How's the Handbasket?

Why are things always getting worse

At the slightest provocation, society's chronic worriers recount grim tales of the decline of humanity. Of course, such tales are timeless. The Romans lamented the Christians fall from glory, the French Monarchists decried the Revolution's ethics, and my parents presumably think that the world is on its last legs. At various trying moments, I've claimed that society will crash down around us within a year.

Because every generation holds that belief, it's a poor star to sail by. People who watched Hitler come to power believed that the country's morals were being perverted; so did American slaveholders in the late 1850s. A claim that things are getting worse will always find sympathetic ears.

The forces that drive the belief that society is in crisis are change and inertia. Human society is always changing. No society from the most isolated agrarian culture to modern dictatorships with planned economies has been able to hide from change or control its path. People are always thinking new thoughts and the environment is always presenting new challenges; change is assured.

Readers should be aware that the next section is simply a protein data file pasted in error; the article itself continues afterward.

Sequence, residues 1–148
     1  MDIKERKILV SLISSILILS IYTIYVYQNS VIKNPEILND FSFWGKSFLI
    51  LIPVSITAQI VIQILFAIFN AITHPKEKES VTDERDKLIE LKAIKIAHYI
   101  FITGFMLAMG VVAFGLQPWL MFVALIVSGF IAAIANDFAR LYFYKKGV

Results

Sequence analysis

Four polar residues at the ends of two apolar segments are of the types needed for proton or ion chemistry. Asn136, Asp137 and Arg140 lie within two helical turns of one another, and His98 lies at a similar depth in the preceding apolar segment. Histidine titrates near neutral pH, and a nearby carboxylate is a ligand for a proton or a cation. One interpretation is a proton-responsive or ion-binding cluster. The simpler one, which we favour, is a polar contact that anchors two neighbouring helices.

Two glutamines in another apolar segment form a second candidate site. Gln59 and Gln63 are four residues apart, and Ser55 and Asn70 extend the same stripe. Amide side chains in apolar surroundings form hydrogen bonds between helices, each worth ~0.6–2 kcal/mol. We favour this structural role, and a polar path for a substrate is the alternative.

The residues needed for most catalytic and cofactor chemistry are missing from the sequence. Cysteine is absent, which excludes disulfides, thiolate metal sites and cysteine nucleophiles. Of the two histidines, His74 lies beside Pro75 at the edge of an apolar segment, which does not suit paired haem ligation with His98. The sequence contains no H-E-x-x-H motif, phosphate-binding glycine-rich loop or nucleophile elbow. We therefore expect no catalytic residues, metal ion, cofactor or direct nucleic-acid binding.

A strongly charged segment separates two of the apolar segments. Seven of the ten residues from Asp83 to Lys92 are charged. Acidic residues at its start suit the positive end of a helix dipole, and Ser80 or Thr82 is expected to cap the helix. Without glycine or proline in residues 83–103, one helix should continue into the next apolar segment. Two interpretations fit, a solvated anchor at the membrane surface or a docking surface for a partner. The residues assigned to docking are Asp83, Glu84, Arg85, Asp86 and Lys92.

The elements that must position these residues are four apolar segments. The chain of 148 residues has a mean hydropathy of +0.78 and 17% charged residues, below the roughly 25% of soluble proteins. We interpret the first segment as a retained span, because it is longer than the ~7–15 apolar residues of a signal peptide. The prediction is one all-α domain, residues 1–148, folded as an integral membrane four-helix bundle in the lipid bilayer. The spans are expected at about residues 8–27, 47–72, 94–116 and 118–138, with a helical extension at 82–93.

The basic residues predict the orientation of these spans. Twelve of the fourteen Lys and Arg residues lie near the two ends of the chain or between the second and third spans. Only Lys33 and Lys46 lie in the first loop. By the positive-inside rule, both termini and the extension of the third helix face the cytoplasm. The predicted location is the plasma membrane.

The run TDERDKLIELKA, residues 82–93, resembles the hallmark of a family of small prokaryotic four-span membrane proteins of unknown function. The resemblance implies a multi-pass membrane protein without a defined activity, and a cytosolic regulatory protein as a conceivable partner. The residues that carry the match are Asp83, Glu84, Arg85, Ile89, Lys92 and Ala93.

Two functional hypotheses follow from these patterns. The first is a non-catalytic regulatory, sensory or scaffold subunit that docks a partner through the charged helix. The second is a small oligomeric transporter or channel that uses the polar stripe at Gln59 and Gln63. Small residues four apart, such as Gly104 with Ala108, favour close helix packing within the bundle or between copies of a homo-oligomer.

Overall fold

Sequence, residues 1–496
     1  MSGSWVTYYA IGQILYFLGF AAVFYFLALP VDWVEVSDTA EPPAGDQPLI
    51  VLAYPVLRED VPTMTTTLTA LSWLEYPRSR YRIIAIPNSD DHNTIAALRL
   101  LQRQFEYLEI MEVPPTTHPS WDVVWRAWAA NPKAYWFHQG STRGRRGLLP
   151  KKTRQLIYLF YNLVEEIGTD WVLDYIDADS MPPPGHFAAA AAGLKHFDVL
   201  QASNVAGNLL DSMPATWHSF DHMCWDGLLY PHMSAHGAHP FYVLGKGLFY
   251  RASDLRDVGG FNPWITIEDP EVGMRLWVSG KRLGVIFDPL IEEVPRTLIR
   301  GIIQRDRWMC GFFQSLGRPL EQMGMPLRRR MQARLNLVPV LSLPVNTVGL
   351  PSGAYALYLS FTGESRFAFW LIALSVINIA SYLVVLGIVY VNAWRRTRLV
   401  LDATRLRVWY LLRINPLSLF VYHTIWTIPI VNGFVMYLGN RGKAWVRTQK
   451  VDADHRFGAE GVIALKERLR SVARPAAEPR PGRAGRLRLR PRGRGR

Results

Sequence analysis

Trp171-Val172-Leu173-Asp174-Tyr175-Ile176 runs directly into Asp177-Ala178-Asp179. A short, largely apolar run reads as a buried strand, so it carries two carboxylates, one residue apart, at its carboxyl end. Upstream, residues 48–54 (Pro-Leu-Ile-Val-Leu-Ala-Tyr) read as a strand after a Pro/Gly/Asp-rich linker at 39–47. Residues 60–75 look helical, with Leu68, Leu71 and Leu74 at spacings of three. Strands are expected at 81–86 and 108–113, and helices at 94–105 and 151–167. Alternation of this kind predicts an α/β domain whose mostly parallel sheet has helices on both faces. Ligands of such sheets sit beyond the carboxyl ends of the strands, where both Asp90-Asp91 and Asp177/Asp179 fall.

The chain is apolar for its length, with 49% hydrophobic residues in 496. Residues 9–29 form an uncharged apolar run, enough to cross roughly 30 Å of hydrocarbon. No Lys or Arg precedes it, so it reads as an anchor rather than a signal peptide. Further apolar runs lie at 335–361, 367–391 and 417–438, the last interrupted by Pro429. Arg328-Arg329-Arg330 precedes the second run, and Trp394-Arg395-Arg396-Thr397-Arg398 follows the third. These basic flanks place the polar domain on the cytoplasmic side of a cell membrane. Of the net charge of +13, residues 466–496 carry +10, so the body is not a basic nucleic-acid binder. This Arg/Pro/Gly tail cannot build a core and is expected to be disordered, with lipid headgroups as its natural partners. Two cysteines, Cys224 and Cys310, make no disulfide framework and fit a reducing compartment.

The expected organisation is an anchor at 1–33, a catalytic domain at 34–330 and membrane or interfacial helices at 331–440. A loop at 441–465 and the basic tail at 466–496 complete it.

Despite that axiom, human beings resist change. In many ways, people remain creatures of ritual and habit, neither of which is altered easily. I don't entirely denigrate this attribute. The principle that the universe always reacts the same way to the same conditions underlies the scientific method; however, reacting the same way to events also guarantees that a better response to those events is never found.

Groups of people magnify these traits. Unthreatened groups will try to slow down change to preserve the safe conditions. Groups that are challenged by the environment or other groups adapt quickly. Neither type of group seems comfortable with change, but both are confronted by it.

Given that assertions of societal collapse are always present, when are they right? Always, of course; and never. For change to occur, current structures collapse. To claim that the old days are gone is to indicate the presence of change, which is uninteresting. Determining the nature of the change is more difficult and enlightening.

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